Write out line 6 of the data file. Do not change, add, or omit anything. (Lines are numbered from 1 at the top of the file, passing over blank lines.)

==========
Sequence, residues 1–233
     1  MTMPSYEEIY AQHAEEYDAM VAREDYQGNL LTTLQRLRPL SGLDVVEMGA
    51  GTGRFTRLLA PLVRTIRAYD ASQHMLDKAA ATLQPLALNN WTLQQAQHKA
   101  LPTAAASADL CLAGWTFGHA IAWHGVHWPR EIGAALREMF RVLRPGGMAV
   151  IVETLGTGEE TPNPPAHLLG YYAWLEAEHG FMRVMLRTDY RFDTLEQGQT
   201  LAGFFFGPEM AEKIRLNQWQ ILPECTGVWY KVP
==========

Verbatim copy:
   201  LAGFFFGPEM AEKIRLNQWQ ILPECTGVWY KVP